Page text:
tasks from the USG to the Colombian government.

--------------------------------------------- ----
Military Justice and Improved Human Rights Record
--------------------------------------------- ----

11. (SBU) The Uribe Administration remains strongly committed
to progress on human rights, and to eliminating military
abuses or collaboration with armed groups. Members of the
military and police receive mandatory human rights training.
Minister of Defense Juan Manuel Santos has made military
justice reform a top priority; in October, he named the first
civilian - and the first woman - as director of the Military
Criminal Justice System. Santos has also taken steps to
eliminate extrajudicial killings by security forces. The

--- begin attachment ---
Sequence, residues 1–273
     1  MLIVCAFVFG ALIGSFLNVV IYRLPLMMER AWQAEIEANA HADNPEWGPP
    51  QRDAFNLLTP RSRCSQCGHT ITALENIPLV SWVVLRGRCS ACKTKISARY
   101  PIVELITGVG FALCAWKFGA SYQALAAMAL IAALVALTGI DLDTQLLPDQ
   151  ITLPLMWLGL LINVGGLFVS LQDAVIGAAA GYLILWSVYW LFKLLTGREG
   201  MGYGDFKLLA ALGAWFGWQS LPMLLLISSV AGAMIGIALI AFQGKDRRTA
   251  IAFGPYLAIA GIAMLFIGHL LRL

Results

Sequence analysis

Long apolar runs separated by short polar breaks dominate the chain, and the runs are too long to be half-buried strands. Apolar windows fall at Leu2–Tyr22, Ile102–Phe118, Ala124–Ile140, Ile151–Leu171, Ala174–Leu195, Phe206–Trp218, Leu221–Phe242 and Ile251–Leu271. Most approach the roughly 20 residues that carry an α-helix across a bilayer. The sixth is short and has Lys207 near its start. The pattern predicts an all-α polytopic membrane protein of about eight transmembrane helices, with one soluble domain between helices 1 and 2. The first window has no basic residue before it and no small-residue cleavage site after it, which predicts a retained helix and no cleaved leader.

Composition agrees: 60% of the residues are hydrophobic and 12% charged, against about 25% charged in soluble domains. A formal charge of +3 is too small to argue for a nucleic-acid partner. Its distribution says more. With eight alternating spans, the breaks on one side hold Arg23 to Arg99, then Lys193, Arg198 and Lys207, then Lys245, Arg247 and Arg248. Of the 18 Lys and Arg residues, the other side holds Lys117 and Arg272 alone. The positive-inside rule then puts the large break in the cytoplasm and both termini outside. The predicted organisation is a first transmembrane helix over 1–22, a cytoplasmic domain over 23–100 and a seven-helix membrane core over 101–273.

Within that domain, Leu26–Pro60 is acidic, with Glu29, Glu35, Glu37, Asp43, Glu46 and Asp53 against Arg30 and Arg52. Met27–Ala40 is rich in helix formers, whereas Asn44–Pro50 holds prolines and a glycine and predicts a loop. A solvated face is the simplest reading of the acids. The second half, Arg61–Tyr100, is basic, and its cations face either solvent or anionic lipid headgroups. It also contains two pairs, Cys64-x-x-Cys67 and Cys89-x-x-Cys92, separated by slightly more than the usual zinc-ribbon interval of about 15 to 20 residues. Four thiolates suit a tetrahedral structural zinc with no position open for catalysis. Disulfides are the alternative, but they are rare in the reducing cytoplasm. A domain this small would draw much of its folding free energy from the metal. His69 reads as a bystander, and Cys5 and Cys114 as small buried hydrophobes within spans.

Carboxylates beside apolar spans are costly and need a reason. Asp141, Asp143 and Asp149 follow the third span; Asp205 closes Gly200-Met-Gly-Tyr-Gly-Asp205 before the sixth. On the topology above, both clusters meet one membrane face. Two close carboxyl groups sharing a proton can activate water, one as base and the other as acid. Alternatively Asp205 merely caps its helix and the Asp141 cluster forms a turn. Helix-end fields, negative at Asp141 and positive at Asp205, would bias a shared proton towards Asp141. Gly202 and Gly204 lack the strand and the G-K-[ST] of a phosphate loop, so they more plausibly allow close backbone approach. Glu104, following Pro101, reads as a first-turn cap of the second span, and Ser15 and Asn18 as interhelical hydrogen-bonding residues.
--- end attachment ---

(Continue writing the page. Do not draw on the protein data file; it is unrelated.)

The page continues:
UNHCHR and human rights groups all play active roles here.


12. (SBU) President Uribe remains a strong supporter of the
U.S.-Colombia extradition relationship. Since taking office,
he has approved over 565 extraditions to the United States
including 154 cases so far in 2007, a new record.

Demobilization and Peace Process

13. (SBU) Over 32,000 former paramilitaries have demobilized
since 2002, and a further 11,000 have deserted other illegal
armed groups (about one-half from the FARC). This has
resulted in the largest reintegration program ever attempted
and operates while the Colombian government continues to
battle the FARC and National Liberation Army (ELN). A small
number of renegade former-United Self-Defense Forces of
Colombia (AUC) members have joined new criminal groups
focused on drug trafficking. The Colombian government has
identified increased investment in small and medium
enterprise development as a priority for promoting job